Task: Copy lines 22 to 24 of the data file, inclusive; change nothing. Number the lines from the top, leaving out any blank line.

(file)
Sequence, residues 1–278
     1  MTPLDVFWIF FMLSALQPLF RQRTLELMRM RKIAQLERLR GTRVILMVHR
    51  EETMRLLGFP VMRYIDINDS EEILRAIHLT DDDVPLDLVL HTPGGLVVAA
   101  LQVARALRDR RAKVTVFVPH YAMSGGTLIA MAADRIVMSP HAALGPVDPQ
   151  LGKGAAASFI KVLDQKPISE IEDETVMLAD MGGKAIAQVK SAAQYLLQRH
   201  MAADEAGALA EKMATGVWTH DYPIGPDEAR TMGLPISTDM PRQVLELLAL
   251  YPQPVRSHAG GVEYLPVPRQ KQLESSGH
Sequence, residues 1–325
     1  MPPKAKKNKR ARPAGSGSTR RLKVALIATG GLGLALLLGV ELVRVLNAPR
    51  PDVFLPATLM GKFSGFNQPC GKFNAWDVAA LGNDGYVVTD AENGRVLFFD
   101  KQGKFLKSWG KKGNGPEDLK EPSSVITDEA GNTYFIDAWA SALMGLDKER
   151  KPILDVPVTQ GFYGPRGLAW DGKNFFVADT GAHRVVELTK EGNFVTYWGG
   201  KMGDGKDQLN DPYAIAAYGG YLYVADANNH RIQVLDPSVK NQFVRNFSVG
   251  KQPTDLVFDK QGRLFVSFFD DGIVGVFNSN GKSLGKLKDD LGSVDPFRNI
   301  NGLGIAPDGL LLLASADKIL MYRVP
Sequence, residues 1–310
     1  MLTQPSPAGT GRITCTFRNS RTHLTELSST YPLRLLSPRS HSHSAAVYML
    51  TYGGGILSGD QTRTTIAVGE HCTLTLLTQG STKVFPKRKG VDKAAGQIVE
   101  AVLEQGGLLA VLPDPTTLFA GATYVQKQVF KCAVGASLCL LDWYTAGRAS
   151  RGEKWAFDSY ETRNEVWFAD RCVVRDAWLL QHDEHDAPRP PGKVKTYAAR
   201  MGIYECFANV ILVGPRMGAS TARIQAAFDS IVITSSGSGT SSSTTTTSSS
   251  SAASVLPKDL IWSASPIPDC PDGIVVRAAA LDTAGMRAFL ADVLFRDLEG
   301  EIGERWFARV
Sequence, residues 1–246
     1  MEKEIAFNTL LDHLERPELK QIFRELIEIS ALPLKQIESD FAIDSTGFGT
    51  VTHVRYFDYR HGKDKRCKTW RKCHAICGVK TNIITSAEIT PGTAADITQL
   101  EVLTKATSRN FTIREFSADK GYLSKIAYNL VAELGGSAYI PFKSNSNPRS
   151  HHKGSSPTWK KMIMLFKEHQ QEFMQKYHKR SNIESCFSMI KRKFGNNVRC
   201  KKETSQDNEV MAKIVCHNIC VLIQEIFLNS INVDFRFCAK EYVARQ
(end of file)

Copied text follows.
   251  SAASVLPKDL IWSASPIPDC PDGIVVRAAA LDTAGMRAFL ADVLFRDLEG
   301  EIGERWFARV
Sequence, residues 1–246